In today’s busy rheumatology practices, the services of nurse practitioners, physician assistants, occupational therapists and clinical nurse specialists are a great asset for patient flow, as well as increased revenue. As the growth of nonphysician providers (NPPs) in rheumatology practices has evolved, it has become increasingly important to understand the incident-to rules and avoid the pitfalls of Medicare’s coding and billing guidelines.
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Explore This IssueMay 2015
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Incident-to billing is a specific method of billing developed by the Centers for Medicare and Medicaid Services (CMS) for NPPs working in physician practices. Under incident-to billing, outpatient services by an NPP may be billed and reimbursed under the physician’s name and provider ID as if the physician personally performed the service. The Medicare Benefit Policy Manual defines incident-to as, “services or supplies furnished as an integral, although incidental, part of a physician’s personal professional service” and reimbursable at 100% of the Medicare fee schedule under the physician.1
Although office visits are perhaps the most commonly billed service under the incident-to guidelines, incident-to services are not limited to a specific set of procedure codes or services. As long as the NPP is performing services within the scope of their license, the procedure code description requirements are met, and the incident-to requirements are fully met, the services may be billed to CMS as an incident-to claim.
For claims billed to Medicare as incident-to services, an NPP must meet specific criteria, including:
- The NPP must be licensed or certified to provide professional healthcare services in the state where he/she practices;
- The NPP must be a full-time, part-time or leased employee of the organization or employee of the legal entity that employs the supervising qualified Medicare provider;
- The service must be an integral, although incidental, part of the physician’s service;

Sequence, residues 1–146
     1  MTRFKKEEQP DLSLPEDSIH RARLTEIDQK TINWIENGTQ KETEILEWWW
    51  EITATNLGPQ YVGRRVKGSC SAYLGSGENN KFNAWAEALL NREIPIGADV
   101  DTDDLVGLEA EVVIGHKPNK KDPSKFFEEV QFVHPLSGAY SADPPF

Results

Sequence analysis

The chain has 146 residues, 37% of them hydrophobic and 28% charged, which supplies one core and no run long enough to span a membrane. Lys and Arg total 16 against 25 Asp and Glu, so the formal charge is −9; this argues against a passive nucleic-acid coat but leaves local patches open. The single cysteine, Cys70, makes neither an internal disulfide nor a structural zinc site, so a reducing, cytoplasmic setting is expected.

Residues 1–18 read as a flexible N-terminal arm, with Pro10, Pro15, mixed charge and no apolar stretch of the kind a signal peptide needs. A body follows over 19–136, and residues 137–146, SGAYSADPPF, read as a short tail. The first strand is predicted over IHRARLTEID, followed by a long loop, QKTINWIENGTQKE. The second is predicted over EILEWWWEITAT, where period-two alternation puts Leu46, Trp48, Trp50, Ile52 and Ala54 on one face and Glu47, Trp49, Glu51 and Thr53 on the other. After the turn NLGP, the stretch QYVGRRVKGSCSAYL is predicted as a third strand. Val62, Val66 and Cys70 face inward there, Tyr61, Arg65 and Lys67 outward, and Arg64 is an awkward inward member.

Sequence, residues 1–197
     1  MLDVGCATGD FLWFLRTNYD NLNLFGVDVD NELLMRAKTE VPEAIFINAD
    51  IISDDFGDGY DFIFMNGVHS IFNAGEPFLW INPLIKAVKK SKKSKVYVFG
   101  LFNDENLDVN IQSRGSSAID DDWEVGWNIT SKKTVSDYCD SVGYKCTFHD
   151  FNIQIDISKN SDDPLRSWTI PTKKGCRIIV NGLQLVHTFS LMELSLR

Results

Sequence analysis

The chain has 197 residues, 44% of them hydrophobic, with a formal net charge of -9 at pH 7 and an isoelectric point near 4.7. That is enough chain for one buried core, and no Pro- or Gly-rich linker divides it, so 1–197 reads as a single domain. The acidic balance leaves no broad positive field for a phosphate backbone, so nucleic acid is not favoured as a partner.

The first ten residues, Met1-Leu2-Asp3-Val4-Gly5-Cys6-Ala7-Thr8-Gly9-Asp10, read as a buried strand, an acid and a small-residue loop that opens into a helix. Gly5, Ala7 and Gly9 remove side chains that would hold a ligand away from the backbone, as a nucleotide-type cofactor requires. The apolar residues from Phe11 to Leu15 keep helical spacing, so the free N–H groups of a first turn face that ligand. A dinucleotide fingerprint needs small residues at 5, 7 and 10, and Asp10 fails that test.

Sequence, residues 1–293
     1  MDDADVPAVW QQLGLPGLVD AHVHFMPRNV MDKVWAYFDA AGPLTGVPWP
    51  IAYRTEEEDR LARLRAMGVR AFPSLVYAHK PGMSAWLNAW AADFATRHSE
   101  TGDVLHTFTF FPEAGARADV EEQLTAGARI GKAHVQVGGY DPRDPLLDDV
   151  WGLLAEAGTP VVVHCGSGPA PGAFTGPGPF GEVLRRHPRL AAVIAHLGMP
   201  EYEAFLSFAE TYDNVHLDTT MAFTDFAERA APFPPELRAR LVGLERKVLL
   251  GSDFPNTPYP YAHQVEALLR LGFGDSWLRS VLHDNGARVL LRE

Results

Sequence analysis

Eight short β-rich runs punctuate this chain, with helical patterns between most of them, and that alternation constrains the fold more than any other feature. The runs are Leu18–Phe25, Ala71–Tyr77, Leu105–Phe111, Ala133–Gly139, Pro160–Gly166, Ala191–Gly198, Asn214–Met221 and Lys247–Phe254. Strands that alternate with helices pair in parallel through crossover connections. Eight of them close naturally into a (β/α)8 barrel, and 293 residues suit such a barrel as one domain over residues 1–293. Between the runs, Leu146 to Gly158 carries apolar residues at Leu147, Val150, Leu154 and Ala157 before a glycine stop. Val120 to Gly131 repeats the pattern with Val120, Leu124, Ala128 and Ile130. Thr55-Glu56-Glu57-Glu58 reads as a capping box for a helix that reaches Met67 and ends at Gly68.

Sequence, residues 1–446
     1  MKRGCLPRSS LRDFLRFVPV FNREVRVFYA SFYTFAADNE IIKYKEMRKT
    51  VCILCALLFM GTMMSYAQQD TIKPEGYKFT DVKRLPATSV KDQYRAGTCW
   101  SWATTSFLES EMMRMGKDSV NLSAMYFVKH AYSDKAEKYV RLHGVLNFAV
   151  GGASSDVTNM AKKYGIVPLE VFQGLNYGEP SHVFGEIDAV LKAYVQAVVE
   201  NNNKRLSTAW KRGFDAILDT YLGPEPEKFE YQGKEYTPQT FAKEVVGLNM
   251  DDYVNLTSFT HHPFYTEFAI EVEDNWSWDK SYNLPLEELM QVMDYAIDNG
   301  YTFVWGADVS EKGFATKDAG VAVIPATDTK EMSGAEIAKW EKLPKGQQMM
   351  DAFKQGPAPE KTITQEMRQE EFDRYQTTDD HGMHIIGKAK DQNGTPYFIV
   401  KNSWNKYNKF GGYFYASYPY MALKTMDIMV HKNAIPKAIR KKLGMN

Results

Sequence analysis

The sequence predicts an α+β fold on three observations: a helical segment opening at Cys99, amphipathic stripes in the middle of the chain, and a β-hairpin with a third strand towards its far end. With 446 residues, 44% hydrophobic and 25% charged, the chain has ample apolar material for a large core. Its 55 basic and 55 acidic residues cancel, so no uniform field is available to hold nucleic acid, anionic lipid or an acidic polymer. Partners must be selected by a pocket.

- The service must be commonly rendered without charge or included in the physician’s bill;
- The service must be commonly furnished in a physician’s office or clinic;
- The service must be in the scope of practice of the NPP; and
- The NPP must provide the services under the direct supervision of the physician (unless otherwise specified by state requirements).
If the above rules are not met, the NPP can still perform the service, but it should not be billed as incident-to. The claim would have to be billed under the NPP’s NPI number, and reimbursed at 85% of the Medicare fee schedule.
The foundation of proper incident-to billing is that any incident-to service must be an integral part of the physician’s services. The guidelines indicate that the physician must initially assess and create a treatment plan for the patient whom the NPP is treating incident to the physician’s services. This requirement does not mean the physician has to see the patient at subsequent visits, but he or she must remain actively involved in the course of treatment.2 Rather, the NPP will oversee and manage an ongoing course of treatment initiated by the physician. However, if an established patient reports a new chief complaint or problem during an office visit, the physician would then have to see the patient again for the new issue in order to be able to bill for the NPP’s services as incident-to.